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Pregnancy Changes Brain Structure in Mothers

February 01, 2017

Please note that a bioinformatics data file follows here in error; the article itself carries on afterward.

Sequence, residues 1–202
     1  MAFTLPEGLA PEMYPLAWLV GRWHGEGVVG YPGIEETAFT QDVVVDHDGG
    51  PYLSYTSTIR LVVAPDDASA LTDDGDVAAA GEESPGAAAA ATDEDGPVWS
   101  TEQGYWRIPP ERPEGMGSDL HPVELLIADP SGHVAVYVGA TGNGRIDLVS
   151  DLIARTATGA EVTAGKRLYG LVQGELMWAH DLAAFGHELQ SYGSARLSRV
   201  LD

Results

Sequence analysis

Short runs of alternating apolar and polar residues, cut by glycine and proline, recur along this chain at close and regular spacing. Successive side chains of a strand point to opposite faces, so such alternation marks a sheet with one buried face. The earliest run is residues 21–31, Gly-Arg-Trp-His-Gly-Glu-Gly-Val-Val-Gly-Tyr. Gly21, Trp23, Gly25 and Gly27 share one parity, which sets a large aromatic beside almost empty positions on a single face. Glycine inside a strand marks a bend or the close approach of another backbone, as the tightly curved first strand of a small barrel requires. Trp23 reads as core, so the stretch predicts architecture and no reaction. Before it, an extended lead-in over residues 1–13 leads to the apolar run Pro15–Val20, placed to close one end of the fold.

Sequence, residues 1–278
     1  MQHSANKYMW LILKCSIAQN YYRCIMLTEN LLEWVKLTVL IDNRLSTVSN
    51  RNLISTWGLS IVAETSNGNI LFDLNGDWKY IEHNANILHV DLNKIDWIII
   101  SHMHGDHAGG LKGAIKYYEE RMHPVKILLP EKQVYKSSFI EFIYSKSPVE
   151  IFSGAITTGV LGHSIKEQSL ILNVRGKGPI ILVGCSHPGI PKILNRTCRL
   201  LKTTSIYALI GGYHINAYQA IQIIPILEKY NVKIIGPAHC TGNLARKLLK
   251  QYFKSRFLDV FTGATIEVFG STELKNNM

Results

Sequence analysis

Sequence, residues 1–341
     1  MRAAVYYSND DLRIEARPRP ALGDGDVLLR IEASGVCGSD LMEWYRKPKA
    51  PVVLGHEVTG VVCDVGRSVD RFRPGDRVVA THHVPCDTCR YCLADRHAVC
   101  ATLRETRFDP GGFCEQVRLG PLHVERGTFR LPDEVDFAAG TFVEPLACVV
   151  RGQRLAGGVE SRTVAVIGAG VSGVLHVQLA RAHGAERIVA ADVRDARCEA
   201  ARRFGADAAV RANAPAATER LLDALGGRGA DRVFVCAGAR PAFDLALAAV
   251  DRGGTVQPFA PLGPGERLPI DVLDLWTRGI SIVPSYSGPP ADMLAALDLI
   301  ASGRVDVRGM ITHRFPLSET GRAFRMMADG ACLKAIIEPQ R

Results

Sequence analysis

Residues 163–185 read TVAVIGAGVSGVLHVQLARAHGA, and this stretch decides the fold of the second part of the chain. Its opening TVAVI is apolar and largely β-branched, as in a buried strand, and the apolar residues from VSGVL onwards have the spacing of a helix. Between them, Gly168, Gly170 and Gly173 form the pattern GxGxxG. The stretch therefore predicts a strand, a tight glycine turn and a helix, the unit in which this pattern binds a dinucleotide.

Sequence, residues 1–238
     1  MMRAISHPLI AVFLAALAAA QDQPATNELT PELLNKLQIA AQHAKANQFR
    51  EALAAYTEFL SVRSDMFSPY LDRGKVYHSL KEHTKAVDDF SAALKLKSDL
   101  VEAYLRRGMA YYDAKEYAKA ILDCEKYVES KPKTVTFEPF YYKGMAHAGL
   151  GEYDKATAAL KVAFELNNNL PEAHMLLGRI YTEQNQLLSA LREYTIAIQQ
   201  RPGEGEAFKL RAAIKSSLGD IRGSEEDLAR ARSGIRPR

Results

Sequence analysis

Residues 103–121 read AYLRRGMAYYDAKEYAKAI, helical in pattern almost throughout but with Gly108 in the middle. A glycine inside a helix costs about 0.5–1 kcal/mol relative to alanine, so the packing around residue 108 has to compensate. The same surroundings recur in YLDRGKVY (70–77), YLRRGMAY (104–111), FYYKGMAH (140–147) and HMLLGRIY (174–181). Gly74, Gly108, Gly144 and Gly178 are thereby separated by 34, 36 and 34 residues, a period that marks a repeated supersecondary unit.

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It's obvious that pregnancy causes quite a few physical changes. But what may not be as obvious are the changes that occur in a mother's brain. According to a recent study published in the journal, Natural Neuroscience, pregnancy alters the size and structure of brain regions related to emotional intelligence, including understanding thoughts, feelings and intentions of others. Before conceiving, 25 women who would be first-time mothers and 19 of their male partners were given high resolution MRI brain scans, as well as a control group of 20 women and their male partners who had never given birth. After giving birth, all 25 women and the 19 male partners were re-scanned. In the second scan, researchers observed a clear loss of gray matter in various regions of the brain, including the prefrontal and temporal cortex: areas related to a number of functions from memory to depression. However, how to interpret this finding wasn't quite clear. According to senior brain scientist and co-lead author of the study, Elseline Hoekzema "Loss of volume does not necessarily translate to loss of function ... Sometimes less is more." She went on to explain that the findings could "represent a fine-tuning of synapses into more efficient neural networks." Teens undergo a similar refining of synapses. During adolescence, weaker brain connections are eliminated to create a more efficient neural network. While gray matter decreases, those with a mature neural network actually display increased brain activity in these refined regions. Dr. Kim Yonkers, a professor in psychiatry and obstetrics and gynecology at Yale School of Medicine who was not involved in the new study, suggests these changes may help women forget the pain or difficulty of pregnancy and childbirth During the study, researchers found that those with the greatest overall brain change scored higher than others on the strength of their maternal bonds as well. What's more, researchers found that many of these changes lasted two years after giving birth. Unfortunately, the team followed the humans participants for two years only. While similar changes in rodents are documented to last until old age, it is unclear whether or not these changes stretch beyond two years in humans. "The significance of these changes and the duration of these changes is yet to be determined," said Dr. Rodney L. Wright, associate professor of clinical obstetrics & gynecology and women's health at Albert Einstein College of Medicine and Montefiore Health System who was not involved in the study. While this study leaves many questions unanswered, it illuminates possibilities for future medical treatments. For now, we'll have to wait and see how this story develops.    
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